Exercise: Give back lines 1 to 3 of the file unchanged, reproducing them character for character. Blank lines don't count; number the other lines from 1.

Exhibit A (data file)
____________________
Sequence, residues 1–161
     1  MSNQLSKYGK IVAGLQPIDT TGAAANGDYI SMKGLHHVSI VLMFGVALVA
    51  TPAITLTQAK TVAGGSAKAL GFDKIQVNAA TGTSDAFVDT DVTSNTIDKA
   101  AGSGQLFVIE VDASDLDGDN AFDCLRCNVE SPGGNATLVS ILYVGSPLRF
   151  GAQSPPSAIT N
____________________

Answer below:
Sequence, residues 1–161
     1  MSNQLSKYGK IVAGLQPIDT TGAAANGDYI SMKGLHHVSI VLMFGVALVA
    51  TPAITLTQAK TVAGGSAKAL GFDKIQVNAA TGTSDAFVDT DVTSNTIDKA